What Does the Term “Patriarchy” Mean to Me? « Clarissa's Blog
I am helping my father write his memoirs -- and all the tragedies and disruptions in his life appear to have been caused by patriarchal processes. Let us start at the beginning.
1. His newly married father goes to war (WW2) and is killed. My father, a young baby, is left without a male parent. War is a patriarchal activity, whereby men prove their courage by serving the empire.
2. His single mother, suffering from grief and denial, has no patriarchal breadwinner. She has to find another man to take care of her fast. There is no social welfare system in the colony, only the patriarchal system.
3. She marries quickly, in order to resolve her unhallowed status of being a single mother, and to obtain the patriarchal breadwinner as soon as possible.
4. She is unhappy in the marriage. The newly appointed husband turns out to be very cold towards her son and keeps reminding him he is “adopted”. He shows no human emotions. The mother feels resentful against her son for putting her in a situation where she had to get married to someone who wasn’t wholly suited to her needs.
5. My father is sent to boarding school at the age of five. He experiences this as rejection.
6. He grows up and gets married himself, and things go okay for a number of years, but there’s something not quite right. Deep down, there is a bitter and seething resentment against women. Sometimes this erupts as angry aggression against my mother. I recall one instance where he refused to allow her to have her name on the outside of the family property, along with his, since he said this wasn’t in accordance with his beliefs about “holding the family together”.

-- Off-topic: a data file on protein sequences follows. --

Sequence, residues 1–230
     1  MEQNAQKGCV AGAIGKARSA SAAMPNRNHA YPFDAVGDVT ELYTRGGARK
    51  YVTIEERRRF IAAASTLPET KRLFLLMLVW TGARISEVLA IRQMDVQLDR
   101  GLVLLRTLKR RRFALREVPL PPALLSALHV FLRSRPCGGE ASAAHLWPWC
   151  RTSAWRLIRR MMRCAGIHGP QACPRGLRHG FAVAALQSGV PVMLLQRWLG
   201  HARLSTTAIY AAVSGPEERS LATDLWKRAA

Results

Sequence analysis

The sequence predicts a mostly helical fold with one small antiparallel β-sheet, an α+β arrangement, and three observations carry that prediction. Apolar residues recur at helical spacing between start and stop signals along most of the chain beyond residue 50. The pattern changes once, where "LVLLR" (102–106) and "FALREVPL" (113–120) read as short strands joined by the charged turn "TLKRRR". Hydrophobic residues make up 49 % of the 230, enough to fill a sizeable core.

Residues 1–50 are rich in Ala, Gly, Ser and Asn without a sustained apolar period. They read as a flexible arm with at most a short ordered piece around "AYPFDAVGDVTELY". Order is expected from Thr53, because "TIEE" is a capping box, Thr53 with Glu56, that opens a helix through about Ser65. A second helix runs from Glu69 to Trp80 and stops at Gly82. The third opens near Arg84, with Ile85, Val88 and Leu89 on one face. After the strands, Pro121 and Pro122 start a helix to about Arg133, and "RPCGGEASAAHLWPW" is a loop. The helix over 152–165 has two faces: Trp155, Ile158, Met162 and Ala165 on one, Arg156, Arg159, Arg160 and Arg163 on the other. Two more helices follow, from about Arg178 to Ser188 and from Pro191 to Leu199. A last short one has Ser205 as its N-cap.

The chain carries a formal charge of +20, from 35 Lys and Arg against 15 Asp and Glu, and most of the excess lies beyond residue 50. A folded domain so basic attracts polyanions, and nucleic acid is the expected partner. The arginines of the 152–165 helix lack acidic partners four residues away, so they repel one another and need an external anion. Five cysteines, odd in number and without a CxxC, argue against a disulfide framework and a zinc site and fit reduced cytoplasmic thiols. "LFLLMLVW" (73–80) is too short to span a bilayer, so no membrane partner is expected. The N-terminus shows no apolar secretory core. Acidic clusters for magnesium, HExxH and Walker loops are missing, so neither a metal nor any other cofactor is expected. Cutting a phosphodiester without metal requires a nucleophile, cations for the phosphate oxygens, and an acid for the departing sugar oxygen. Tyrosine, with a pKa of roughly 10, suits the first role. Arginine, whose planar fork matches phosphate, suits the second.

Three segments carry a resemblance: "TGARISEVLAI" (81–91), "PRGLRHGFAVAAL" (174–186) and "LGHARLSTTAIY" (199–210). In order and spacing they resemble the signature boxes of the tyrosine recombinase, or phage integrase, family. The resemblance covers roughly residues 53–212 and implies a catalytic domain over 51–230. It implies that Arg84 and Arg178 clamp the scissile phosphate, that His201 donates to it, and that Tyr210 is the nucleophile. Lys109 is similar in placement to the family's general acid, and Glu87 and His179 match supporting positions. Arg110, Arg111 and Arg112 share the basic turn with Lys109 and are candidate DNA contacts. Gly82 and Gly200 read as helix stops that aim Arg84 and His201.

7. There are unpredictable bouts of anger whenever he feels like we kids aren’t cooperating with his expectations. Sometimes these expectations are reasonable, such as washing dishes. At other times, they are unreasonable, such as his expectation that we read his mind and automatically know what we should do in an entirely novel situation, without being told.
8. My father develops hostility to me around the time the country falls apart. His mind also falls apart. He begins accusing me of things I haven’t done. My mother also becomes extremely anxious and suspicious of my spending too much time alone. Teenagers are not to be trusted.
9. We migrate to Australia in 1984 and things are quiet for two or three years. Then the religious persecution starts. “The family is falling apart!” — Yes, well, I was reaching maturity, and trying to understand the world on my own terms, which meant leaving the Christian religion.
10. My father decides to stop my independence by whatever means, in order to “keep the family together”. He engages in shaming, threats, attacks on my identity and occasional physical violence. He starts hearing “messages from God”. His behavior is unpredictable and frightening — moreover, he has managed to convince others in my family that I, being the only atheist of us all, had somehow managed to cause his behavior.
Anyway, so far as I can see, these outcomes were all linked to his original trauma that had to do with his mother not being able to take the time to marry the man of her choice, due to patriarchal moral and economic pressures.
You can also see what I had to overcome in order to turn out okay.